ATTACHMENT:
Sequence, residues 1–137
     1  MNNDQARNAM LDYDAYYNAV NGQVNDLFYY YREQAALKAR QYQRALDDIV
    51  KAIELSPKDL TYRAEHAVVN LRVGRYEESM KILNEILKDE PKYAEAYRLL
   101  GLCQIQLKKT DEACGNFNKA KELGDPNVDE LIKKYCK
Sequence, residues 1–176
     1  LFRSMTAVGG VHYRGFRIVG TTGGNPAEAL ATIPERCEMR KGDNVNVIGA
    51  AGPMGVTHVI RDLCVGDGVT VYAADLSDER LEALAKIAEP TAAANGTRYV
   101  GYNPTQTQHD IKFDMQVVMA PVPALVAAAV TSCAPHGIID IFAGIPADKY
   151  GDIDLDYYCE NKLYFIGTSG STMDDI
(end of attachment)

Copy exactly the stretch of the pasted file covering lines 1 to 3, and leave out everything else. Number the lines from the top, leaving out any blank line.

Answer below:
Sequence, residues 1–137
     1  MNNDQARNAM LDYDAYYNAV NGQVNDLFYY YREQAALKAR QYQRALDDIV
    51  KAIELSPKDL TYRAEHAVVN LRVGRYEESM KILNEILKDE PKYAEAYRLL